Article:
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ENCOURAGED by the significant progress and achievements made by ASEAN in implementing anti-trafficking measures and programmes including the Work Programme to implement the ASEAN Plan of Action to Combat Transnational Crime 2010-2012 which will further strengthen regional and international cooperation to combat and prevent trafficking in persons; ACKNOWLEDGING the decision by the ASEAN Ministerial Meeting on Transnational Crime to explore the possibility of developing an ASEAN Convention on Trafficking in Persons; DO HEREBY AGREE as follows: 1. 2. To strengthen further regional and international cooperation to prevent and combat trafficking in persons; To further enhance the work of the existing network of lawenforcement agencies including the Heads of Specialist Units in order to effectively address the issue of trafficking in persons; To promote a victim-centered approach by distinguishing victims of trafficking in persons from the perpetrators, and identifying the countries of origin and nationalities of such victims; To ensure that such victims are treated humanely and provided with such essential medical and other forms of assistance deemed appropriate by the respective receiving/recipient country, including prompt repatriation to their respective countries of origin; To cooperate on enhancing our capacities in all its aspects to address the issue of trafficking in persons. To task our Ministers in charge of Transnational Crimes (AMMTC) to accelerate the consideration of an ASEAN Convention on Trafficking in Persons.

Affirming that ASEANs history has been one of milestone progress and transformation in response to the changing dynamics while upholding its fundamental principles, values and norms in the pursuit of its shared vision; Recognizing that ASEANs shared vision and coordinated action on various global issues of common interest and concern are already evident in several ASEAN instruments namely the ASEAN Charter, and relevant treaties, declarations, and statements, and in the form of existing cooperation and collaborations within and with regional and international organizations such as the United Nations, including the contributions of individual ASEAN Member States to addressing various global issues; Anticipating the rapidly evolving regional and global environment and mindful of the necessity to develop and enhance ASEANs capacity, as a dynamic community, to adapt and adjust to these realities in order to maximize ASEANs potential to shape global development on issues of common concern; Mindful that efforts to take forward ASEANs shared vision and coordinated action on various global issues of common interest and concern should complement continuing efforts to build and strengthen an ASEAN Community and to enhance and maintain ASEAN centrality and its role in the evolving regional architecture; Emphasizing the need for ASEAN pursue its purposes enshrined in the ASEAN Charter towards a resilient, people-oriented ASEAN Community in a global community of nations; We hereby agree that by 2022, in a global community of nations, ASEAN shall endeavour to have a common platform, with inter alia, the following characteristics: - A more coordinated, cohesive, and coherent ASEAN position on global issues of common interest and concern, based on a shared ASEAN global view, which would further enhance ASEANs common voice in relevant multilateral fora; - An enhanced ASEAN capacity to contribute and respond to key global issues of common interest and concern which would benefit all ASEAN Member States and its peoples; - A strengthened ASEAN Community centered on ASEAN as a rules-based organization, with the ASEAN Charter as the foundation, while upholding the fundamental principles, values and norms of ASEAN; and - A strengthened capacity of the ASEAN Secretariat which is able to support the vision and development of the ASEAN Community in a global community of nations. In the meantime, building on current practice and achievements, we will identify key global issues of common interest and concern, enhance ASEAN coordination and cooperation on these key global issues in relevant multilateral fora and international organizations such as the United Nations and raise ASEANs profile and constructive role in the global stage. To help ASEAN better prepare itself for this task, we believe that ASEAN would need to undertake an assessment of key long-term trends, including the evolution of the global architecture, and develop appropriate adjustment and response strategies to such trends. For that purpose, we task the ASEAN Foreign Ministers to develop the Declaration on ASEAN Community in a Global Community of Nations to be issued by the ASEAN Leaders at the 19th ASEAN Summit in Bali, Indonesia. Adopted in Jakarta, Indonesia, this Eighth of May in the Year Two Thousand and Eleven, in a single original copy, in the English language.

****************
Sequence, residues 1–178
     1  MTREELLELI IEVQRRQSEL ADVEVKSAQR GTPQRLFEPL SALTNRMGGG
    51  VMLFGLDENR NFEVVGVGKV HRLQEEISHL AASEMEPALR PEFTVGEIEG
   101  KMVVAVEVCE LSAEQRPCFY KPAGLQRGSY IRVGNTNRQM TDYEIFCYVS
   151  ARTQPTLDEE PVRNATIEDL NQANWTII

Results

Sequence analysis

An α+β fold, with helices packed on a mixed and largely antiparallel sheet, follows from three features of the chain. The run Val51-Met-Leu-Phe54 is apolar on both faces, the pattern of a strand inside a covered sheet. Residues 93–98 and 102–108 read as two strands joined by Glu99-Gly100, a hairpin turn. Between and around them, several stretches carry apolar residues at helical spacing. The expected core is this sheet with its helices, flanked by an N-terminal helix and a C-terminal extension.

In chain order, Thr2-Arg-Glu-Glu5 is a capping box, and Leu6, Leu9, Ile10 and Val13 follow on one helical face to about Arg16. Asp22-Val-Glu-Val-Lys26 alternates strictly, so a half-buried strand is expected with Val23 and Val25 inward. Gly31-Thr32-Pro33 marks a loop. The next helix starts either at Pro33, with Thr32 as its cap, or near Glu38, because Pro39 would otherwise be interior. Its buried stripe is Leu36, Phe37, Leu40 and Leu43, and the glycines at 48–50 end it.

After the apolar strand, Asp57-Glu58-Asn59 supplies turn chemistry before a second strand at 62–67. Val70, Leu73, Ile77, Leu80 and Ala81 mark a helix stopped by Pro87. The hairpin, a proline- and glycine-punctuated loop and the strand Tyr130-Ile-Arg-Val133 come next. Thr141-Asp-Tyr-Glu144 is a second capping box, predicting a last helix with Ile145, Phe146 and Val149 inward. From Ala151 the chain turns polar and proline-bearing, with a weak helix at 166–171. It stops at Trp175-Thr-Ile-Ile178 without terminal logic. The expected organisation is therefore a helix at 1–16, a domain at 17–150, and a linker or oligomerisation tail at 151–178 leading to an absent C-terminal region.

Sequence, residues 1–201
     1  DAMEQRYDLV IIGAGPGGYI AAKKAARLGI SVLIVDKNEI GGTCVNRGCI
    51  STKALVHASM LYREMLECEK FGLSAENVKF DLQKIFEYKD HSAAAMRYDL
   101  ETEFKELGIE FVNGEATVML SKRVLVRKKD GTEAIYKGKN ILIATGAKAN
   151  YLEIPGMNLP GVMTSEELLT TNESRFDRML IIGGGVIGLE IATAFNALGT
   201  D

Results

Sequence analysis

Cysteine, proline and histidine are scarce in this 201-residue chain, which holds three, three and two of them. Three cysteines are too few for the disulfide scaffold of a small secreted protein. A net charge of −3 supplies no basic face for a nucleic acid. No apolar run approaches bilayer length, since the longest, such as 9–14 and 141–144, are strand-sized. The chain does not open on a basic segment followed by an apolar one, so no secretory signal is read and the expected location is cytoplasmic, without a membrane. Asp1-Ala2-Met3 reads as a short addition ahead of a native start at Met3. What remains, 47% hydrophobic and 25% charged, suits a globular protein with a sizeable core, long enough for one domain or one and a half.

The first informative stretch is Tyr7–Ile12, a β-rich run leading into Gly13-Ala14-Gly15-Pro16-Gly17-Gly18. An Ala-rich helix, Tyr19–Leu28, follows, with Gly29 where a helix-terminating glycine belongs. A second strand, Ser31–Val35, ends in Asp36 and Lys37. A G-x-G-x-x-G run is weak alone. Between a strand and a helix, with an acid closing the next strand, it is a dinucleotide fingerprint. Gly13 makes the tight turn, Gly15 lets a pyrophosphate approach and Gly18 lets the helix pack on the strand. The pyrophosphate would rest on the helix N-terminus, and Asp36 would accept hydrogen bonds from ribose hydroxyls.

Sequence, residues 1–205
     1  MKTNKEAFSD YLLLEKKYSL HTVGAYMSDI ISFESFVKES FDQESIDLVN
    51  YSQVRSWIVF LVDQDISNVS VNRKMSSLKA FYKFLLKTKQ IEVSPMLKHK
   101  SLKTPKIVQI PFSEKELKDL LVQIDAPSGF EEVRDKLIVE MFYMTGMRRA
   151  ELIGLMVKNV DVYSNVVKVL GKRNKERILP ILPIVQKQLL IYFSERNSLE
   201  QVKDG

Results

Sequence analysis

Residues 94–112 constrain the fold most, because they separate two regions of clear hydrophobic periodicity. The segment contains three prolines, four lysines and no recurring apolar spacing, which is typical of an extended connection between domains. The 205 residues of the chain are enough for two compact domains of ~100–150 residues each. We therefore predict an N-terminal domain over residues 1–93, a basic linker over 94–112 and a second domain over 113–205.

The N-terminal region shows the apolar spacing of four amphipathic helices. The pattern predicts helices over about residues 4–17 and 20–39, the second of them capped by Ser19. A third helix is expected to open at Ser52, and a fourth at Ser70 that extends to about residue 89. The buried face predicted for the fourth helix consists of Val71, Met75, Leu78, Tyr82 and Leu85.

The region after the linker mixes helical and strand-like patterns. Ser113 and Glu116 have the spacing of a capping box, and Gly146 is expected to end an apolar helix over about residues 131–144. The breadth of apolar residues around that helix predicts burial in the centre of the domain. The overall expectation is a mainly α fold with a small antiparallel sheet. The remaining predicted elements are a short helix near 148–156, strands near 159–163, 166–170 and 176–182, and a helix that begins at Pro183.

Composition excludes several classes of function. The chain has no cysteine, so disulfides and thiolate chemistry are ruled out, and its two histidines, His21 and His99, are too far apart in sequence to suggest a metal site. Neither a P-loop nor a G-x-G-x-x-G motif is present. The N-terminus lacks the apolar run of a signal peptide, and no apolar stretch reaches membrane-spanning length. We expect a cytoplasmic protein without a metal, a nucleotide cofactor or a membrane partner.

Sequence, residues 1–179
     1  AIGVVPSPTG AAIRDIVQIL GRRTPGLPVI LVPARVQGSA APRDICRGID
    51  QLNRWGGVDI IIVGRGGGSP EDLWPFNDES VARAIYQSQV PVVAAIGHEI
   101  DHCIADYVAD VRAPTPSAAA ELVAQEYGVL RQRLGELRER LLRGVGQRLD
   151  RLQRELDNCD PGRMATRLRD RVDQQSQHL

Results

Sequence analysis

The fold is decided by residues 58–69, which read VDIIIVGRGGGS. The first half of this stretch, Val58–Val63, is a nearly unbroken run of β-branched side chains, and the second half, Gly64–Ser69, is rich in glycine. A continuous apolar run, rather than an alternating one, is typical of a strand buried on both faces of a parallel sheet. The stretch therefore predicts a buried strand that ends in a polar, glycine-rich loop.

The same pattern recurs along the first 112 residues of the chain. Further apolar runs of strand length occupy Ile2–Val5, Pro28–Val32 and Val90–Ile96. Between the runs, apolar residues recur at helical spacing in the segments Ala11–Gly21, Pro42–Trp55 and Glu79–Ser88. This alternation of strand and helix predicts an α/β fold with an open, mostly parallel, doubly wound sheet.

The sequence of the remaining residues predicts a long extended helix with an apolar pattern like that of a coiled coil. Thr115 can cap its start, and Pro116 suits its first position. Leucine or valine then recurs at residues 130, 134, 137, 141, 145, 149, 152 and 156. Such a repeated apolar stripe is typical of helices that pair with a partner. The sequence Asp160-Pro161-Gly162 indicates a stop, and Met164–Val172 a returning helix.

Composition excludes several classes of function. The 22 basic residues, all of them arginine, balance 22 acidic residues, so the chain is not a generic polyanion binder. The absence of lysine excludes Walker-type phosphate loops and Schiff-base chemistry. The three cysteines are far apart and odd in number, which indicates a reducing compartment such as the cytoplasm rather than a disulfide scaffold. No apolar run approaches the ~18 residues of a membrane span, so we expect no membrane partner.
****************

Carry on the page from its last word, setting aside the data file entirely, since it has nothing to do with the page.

3.

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5. 6.

Adopted in Jakarta, Indonesia, this Eighth of May in the Year Two Thousand and Eleven, in a single original copy, in the English language.

ASEAN Leaders Joint Statement on the ASEAN Community in a Global Community of Nations
Jakarta, Indonesia, 8 May 2011